Ok, it's been quite some time since progress on PEDRO the robot dog was posted, but since we've just had our first kid (welcome little baby Emily!), I think I can be forgiven...

There's been quite a bit of development behind the scenes of Pedro - but about the only visible change is much smoother walking due to improving the controlling windows software running on Microsoft Robotics Studio.

The robot has always been plagued by really bad timing jitter due to the use of windows software to generate servo movements at 50Hz; precise timing is just not a strong point of windows software in general.

I did a lot of experimenting with different methods of generating timing, and settled on the windows multimedia timer as the best method to use to generate the 50Hz servo update messages that get sent to the robot. I then had a lot of trouble getting them to work within my Robotics Studio code for some reason. I won't bore you with the details, but I got some help on the MSDN robotics forum from KuSter (follow this thread if you're interested) and ended up writing a little separate program to act as a metronome using the MM timers and sending TCP/IP timing messages through to the robotics studio service every 20ms. Eventually I'm going to change the software around quite a bit, and have the robot ask for position updates from the PC every cycle so the robot becomes the timing master rather than just a slave device. This way the AVR micro can precisely control the rate position updates are sent to the servos.

In the meantime still generating regular servo updates from the PC end, the timing is much better (still far from perfect though); check out this video -

In the video I'm using a USB cable for communications between the robot and the laptop because I still have a problem with the WiFi connection to the robot. The WiFi is provided by a Lantronix WiPort module (same as the Surveyor folks) but I've had problems with getting consistent performance from it given I'm trying to send servo updates at 50Hz across the WiFi link.

I'm also tackling the WiFi problem as well - I've just bought a replacement WiFi module from the guys at SparkFun, it's the WiFly GSX module from Roving Networks. I bought the module already mounted onto a breakout board so I could test it right away.

I also got this FTDI 3.3V USB converter from SparkFun as well so I could hook it up to the new WiFi module and start testing it right away. This I did, and it worked without any trouble at all. I tested it by hammering it with 50Hz packets (actually I used my normal Pedro robot software to be totally authentic), and it worked very well without any of the strange dropouts I got with the Lantronix WiPort module. Of course it is possible that my Lantronix module is a dud, but regardless the WiFly GSX is lower power, smaller and just as fast, so if Pedro gets a revision 2 of the controller PCB, the WiFly will get pride of place. In the mean time, I will remove the Lantronix module and mount the WiFly onto the current board as neatly as possible.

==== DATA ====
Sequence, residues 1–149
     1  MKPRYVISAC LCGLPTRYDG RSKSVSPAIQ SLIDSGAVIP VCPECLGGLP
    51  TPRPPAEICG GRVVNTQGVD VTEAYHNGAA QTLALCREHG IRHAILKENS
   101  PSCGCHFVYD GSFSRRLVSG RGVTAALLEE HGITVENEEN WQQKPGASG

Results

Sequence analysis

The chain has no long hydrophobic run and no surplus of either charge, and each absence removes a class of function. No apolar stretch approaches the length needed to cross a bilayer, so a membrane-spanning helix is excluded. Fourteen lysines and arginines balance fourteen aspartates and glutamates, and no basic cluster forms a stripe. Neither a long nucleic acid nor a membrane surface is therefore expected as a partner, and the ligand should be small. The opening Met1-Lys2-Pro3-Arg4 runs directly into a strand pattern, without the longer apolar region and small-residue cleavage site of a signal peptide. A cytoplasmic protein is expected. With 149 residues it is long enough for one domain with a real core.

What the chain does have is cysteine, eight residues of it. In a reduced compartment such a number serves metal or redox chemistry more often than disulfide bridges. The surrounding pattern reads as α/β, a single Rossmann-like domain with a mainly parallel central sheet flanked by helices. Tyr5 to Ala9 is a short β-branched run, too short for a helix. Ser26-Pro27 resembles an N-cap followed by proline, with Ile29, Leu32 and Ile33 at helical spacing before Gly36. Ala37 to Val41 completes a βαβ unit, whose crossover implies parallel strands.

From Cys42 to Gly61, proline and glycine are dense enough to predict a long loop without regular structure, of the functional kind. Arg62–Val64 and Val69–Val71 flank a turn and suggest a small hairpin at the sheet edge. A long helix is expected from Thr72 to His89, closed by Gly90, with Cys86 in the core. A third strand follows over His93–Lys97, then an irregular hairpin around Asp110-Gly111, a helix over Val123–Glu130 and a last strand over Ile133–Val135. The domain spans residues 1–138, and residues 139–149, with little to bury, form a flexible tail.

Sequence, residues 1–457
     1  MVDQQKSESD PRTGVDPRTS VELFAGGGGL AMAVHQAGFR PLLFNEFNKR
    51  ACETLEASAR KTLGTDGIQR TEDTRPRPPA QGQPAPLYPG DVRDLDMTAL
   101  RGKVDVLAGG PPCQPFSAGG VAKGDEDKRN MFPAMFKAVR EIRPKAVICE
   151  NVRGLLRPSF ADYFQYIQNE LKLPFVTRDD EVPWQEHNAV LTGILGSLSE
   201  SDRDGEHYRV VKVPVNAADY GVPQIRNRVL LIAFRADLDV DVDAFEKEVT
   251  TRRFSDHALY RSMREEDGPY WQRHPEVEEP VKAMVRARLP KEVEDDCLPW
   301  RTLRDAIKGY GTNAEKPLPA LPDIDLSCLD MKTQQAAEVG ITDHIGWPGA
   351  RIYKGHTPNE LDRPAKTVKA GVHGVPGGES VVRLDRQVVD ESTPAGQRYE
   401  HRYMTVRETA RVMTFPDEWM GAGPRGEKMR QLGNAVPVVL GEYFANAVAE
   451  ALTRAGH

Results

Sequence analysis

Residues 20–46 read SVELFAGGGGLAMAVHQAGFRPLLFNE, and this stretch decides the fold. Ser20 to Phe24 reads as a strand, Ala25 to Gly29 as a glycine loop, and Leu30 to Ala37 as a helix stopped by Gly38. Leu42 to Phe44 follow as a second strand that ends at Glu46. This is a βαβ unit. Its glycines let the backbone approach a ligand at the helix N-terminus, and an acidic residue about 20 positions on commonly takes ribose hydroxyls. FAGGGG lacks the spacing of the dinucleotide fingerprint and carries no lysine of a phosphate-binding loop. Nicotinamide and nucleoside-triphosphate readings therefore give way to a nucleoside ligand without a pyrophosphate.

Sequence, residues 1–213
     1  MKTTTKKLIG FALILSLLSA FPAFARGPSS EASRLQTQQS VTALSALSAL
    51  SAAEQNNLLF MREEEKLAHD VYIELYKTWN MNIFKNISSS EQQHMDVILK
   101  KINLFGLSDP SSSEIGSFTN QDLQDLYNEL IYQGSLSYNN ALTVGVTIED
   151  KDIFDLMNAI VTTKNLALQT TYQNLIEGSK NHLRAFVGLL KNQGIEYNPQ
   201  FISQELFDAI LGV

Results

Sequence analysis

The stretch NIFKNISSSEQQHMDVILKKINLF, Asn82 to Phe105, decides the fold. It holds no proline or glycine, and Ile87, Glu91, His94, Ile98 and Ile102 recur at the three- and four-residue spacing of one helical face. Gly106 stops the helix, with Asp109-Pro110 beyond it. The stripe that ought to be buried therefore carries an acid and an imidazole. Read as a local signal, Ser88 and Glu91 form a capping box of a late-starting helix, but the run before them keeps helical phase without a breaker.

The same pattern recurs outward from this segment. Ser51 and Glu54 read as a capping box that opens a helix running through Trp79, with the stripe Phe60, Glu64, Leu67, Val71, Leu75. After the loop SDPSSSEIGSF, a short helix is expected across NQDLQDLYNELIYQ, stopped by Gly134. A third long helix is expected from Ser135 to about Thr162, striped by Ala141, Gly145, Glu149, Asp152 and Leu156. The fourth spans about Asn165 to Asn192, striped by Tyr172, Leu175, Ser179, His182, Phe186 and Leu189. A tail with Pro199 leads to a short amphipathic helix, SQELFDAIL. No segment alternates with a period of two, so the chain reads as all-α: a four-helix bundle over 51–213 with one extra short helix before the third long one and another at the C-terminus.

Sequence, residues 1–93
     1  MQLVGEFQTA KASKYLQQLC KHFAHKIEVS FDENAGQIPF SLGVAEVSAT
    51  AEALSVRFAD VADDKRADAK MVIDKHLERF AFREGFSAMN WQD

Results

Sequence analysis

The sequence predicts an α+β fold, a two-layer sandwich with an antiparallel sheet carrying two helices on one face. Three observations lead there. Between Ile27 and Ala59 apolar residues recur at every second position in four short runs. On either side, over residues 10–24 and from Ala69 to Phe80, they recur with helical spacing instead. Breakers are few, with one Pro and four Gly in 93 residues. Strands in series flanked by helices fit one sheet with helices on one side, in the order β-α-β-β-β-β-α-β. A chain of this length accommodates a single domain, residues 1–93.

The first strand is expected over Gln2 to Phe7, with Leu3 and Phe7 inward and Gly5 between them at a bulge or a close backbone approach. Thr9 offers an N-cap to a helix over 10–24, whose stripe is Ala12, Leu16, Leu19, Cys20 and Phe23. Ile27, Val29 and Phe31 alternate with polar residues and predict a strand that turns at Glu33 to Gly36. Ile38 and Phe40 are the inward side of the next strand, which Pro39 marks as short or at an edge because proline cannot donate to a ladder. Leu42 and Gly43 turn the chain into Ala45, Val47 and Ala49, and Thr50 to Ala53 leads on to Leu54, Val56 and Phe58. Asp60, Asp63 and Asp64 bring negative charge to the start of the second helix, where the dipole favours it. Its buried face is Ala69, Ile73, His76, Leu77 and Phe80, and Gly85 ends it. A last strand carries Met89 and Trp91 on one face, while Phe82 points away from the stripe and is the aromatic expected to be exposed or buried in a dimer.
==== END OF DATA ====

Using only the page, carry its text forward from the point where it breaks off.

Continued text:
Other than the stuff I've described above, I've been tooling away on the walking algorithm in order to finally have a system that can calculate and plan the foot movements dynamically, so the robot stays stable and upright no matter what direction or rotation it is instructed to follow. I've come a long way with this, but it'll need some serious debugging and testing before its ready for prime time.

"PEDRO" the quadruped robot got a lithium polymer battery last week courtesy of eBay. I had been putting off buying a heavy and expensive large capacity LiPo battery until I had got the walking algorithms working a bit better and I could truly test the ability of the robot to take the 500g or so of a heavy battery, but now batteries are available on eBay for not as much money, I just took the plunge and bought a 3000mAh 3 cell battery pack and charger for the robot.

The battery weighs just 215g, and cost approx AU$50 delivered. The charger can charge up to 5A and will do a balance charge, monitoring individual cell voltages.

Next I had to fit it to the robot, as the original design called for a larger pack slung underneath the body and neatly held in by the spacers between the side plates. The new smaller pack needed some extra holes and some plastic brackets to hold it in;